You are correct in trying to determine the preferred language from the user's browser setting. This is typically the best option to determine what language to display to them. But the problem comes when either you cannot get a preferred language, or the list of preferred languages contains more than one language that your content is in. OR even that the user selects a different preferred language from your site language options.
The next thing to try should be the user's location. You can use a IP Address geolocation lookup to find the country code and then cross reference that with a language lookup table. This would give you a better guess at the user's preferred language.
And lastly, you should have a default language for the site. If the site is truly global, then I would suggest that language be English. If the site is expected to receive a majority of visitors from a specific area, then I would suggest using that area's language.
In this case where you were unable to guess at a preferred language, this has the highest likely-hood that the user would need to change the language setting. This should be very easy for them to figure out. Maybe a giant banner at the top of the page that shows the list of supported languages. Once they make a language selection, you could animate this language bar to minimize to the language drop down selector somewhere. This way they clearly see where they can go to change it again if need be. Although that will not happen very often.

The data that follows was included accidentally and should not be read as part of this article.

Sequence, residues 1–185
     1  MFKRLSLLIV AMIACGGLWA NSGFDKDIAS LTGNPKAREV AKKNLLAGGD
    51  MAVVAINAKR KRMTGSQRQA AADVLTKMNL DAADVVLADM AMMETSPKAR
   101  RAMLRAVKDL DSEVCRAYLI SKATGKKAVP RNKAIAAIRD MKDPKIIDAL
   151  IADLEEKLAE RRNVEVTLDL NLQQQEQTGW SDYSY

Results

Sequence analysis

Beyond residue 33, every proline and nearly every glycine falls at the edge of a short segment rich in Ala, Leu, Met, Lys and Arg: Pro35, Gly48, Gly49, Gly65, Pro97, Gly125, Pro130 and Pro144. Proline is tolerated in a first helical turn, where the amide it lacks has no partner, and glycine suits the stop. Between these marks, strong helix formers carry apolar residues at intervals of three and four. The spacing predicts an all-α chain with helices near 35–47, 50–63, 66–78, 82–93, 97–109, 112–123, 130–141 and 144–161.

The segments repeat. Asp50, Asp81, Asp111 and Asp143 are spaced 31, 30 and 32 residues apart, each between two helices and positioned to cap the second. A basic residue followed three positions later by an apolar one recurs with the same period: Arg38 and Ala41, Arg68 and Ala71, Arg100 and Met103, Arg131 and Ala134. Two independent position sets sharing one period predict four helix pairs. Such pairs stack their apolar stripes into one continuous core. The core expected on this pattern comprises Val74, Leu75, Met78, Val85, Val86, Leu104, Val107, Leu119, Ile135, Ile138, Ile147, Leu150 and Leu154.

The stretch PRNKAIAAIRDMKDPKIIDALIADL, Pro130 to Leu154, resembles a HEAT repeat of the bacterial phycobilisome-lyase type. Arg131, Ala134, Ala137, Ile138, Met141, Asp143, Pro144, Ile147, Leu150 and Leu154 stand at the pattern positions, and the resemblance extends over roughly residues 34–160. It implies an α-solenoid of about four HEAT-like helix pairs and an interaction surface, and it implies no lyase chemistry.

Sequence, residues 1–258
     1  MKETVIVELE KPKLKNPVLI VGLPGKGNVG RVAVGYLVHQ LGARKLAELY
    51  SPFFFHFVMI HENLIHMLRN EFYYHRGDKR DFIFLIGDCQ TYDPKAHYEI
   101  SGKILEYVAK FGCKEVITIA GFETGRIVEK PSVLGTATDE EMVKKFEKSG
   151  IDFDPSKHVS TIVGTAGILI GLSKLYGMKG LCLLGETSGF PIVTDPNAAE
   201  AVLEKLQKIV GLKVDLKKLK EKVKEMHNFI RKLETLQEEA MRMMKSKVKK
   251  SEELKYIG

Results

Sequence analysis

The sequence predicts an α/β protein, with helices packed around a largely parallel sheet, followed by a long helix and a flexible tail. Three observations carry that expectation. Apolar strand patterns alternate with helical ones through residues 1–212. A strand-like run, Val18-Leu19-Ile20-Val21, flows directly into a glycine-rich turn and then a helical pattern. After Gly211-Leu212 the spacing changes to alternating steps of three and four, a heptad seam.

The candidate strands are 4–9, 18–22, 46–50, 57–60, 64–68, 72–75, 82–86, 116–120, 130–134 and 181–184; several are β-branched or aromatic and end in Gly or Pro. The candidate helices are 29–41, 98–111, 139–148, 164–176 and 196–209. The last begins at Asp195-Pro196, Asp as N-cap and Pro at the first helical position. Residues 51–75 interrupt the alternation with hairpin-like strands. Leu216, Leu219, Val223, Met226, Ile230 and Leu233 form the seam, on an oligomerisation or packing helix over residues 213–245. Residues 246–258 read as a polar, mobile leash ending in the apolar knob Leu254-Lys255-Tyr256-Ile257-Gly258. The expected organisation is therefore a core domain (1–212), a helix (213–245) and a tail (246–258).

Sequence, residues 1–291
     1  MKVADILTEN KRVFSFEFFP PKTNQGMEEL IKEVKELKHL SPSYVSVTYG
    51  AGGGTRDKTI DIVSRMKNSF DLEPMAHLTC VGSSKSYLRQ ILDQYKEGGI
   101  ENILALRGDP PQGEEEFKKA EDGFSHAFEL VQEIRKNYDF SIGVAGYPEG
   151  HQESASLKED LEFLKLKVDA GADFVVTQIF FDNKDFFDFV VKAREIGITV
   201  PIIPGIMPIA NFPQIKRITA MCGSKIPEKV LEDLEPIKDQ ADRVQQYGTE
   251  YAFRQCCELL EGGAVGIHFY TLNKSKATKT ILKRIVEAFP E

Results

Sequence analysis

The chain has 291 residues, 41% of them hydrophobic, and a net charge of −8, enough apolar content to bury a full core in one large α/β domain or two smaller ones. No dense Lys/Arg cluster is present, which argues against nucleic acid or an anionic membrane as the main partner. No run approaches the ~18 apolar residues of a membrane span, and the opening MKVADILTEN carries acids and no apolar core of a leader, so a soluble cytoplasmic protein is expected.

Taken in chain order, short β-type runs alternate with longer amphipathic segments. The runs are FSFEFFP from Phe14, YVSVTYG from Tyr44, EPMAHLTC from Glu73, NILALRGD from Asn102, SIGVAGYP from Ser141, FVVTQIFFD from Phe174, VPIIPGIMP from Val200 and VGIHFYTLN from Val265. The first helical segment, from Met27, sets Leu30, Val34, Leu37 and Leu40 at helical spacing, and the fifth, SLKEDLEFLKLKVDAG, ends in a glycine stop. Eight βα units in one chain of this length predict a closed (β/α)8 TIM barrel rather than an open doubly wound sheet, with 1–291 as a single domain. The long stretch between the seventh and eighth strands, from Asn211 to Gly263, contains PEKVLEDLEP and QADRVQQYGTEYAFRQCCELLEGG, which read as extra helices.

You really only need to set the preferred language once for each user. This should be stored in a cookie, so you don't need to do these other things each time. If the cookie is not there, then you will need to do the guessing or offer the language bar. But once a preferred language is set, you can pretty much assume that it is not going to be changed, except for a very small number of users.
Now, if you find that you don't want the hassle of trying to guess the user's preferred language through browser settings or geolocation lookups, then I would strongly suggest the default language and a large language bar at the top of the page. Again, once the language is selected, set a cookie, and get the language bar out of the way. It should not be needed again.
Hope that all makes sense...